Each morning, his classy, but modest vehicle (by Hollywood standards, anyway )pulled into the covered parking space on the Burbank studio lot. As you might expect, Walt Disney drove himself to work each day. I really can't say I knew Walt Disney. After all, I was just a kid when I worked for the Old Maestro. Mr. Disney was an older gentleman more the age of my grandfather. If you want insights about Disney there are two excellent biographies written by Michael Barrier and Neal Gabler. What I have to say about the amazing character I call, "The Old Maestro" is purely from my own observation over a ten year period. Of course, this was at the amazing studio he and his brother co-founded back in the thirties.
You have to dig deep if you really want to know a person. Like most people, I had read books and articles about Walt Disney. I grew up watching the gifted story teller on television back in the fifties in glorious black&white. Naturally, I had hopes of one day working for the Old Maestro, however, that would take a while. I paid a visit to the Burbank studio after my high school graduation and I was given some sound advice. "Go back to school," I was told. "Then come back and see us." Sure enough, in my third year at Art Center College of Design I received the call. In a matter of days I found myself an employee of Walt Disney Productions. Walt Disney was already a legendary figure as far back as the fifties. As young, aspiring artists all we hoped for was a glance of the Old Maestro but he was nowhere to be seen. All that changed one morning when Walt Disney himself approached us on the third floor of the Animation Building. I've described this event many times, and I'll risk doing it again. All of us young animation artists backed against the wall and stared in disbelief as Walt Disney, much like Moses in the scriptures, appeared to descend from the mount.
Before we knew it a decade had passed. I guess time flies when you're having fun. Of course, there were other "Walt sightings" but now we had grown use to seeing the boss on a regular basis. On occasion, Disney would say, "Hi guys!" as he walked passed. Other than that, there was no other interaction with the visionary leader. We clearly understood that if Disney called a meeting only studio big shots would be invited. That's why I consider it remarkable when I began attending meetings with the Old Maestro himself. And, how did this happen, you ask? It all began when Walt and his top story man, Bill Peet clashed over the treatment of the new movie, “The Jungle Book.” Subsequently, Peet walked off the film and a new story team took his place. By caprice, I was one of the new story men selected for the assignment and that meant meeting with the boss himself. It may seem a contradiction, but Walt Disney was the toughest and best boss one could work for. Incredibly focused, Disney knew what each new product should be. Whether it was a new movie, theme park attraction or magazine ad, Walt always knew how the public would respond. Of course, he did this without any reliance on demographic surveys and focus groups. Disney Legend, Ward Kimball related how Walt always kept the artists focused on connecting with the audience. “Anytime we went too crazy,” Kimball explained, “Walt would respond with, “I don’t get it.” That meant we had lost our connection with the audience and Disney seemed keenly aware of that. If Walt thought an idea would fail, he was usually right. Story meetings with the Old Maestro could be stressful but at least the meeting would end with a decision. The master story editor would either love or hate what you presented to him. Some story guys agonized over such pointed criticism while I considered it a blessing. Knowing where you stand is far better than remaining in the dark and Walt Disney was always clear in letting you know whether you had succeeded or failed.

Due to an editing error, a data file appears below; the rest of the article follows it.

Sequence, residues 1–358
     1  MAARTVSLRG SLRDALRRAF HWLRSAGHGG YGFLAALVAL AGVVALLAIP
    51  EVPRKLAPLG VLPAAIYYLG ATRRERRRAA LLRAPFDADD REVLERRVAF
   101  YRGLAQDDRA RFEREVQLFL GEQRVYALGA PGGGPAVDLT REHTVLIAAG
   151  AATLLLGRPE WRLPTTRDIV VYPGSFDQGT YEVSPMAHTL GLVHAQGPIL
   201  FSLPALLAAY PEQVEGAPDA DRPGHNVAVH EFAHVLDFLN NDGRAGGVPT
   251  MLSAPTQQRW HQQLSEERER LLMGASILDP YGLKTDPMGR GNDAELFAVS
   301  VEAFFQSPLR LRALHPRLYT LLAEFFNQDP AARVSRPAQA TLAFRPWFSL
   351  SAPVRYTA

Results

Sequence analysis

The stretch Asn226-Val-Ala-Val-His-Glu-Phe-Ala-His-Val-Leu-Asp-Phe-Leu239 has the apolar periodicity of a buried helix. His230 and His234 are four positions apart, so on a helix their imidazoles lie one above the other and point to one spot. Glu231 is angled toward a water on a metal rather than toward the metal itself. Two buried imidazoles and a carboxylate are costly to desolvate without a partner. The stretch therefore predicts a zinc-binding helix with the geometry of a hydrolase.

Walt Disney was an American icon. Whether you loved the Disney product or not there’s no denying the incredible impact he’s had on our culture and culture worldwide. He was the ultimate conservative yet incredibly progressive. A man of his time, he restricted women to a separate building on his studio lot, all the while employing minorities without regard to their race or ethnicity. The Old Maestro was my boss and I knew little of the man beyond that. I was kid in my twenties while most of my colleagues were a good deal older. Since his passing in 1966 I’ve tried to learn more about this incredible man in hopes of completing a challenging puzzle. Since that time, I’ve travel to Kansas City, Mo. and Walt’s boyhood neighborhood. I’ve visited the Disney home on Bellfontaine Street and traced the blocks where young Walt and his little sister, Ruth attended Thomas Hart Benton Elementary school. The very same school where young Walt dressed up as Abraham Lincoln and recited the Gettysburg Address. Is it any wonder the Old Maestro would one day have this attraction at this famous theme park? Finally, I visited Disney’s Laugh O’ Gram studio in Kansas City. This notable “failure” early in Disney’s life would send young Walt to Hollywood where he would ultimately revolutionize the cartoon business and forever shape popular entertainment.
Over the years, I’ve spoken with Disney historians and had the pleasure of visiting Walt Disney’s daughter at her home in Napa Valley California. On a beautiful Saturday morning I sat with Diane Disney Miller and chatted with her about her famous dad. She hated the misinformation and distortions from the media. For some sad reason, people seem inclined to believe the worse about their heroes. I’ve no agenda when I present this observation and my views are simply my own. What makes Walt Disney so remarkable was the fact he was such an ordinary man. He was a midwestern farm boy who lacked education and sophistication. In spite of all that, he just happened to be a genius.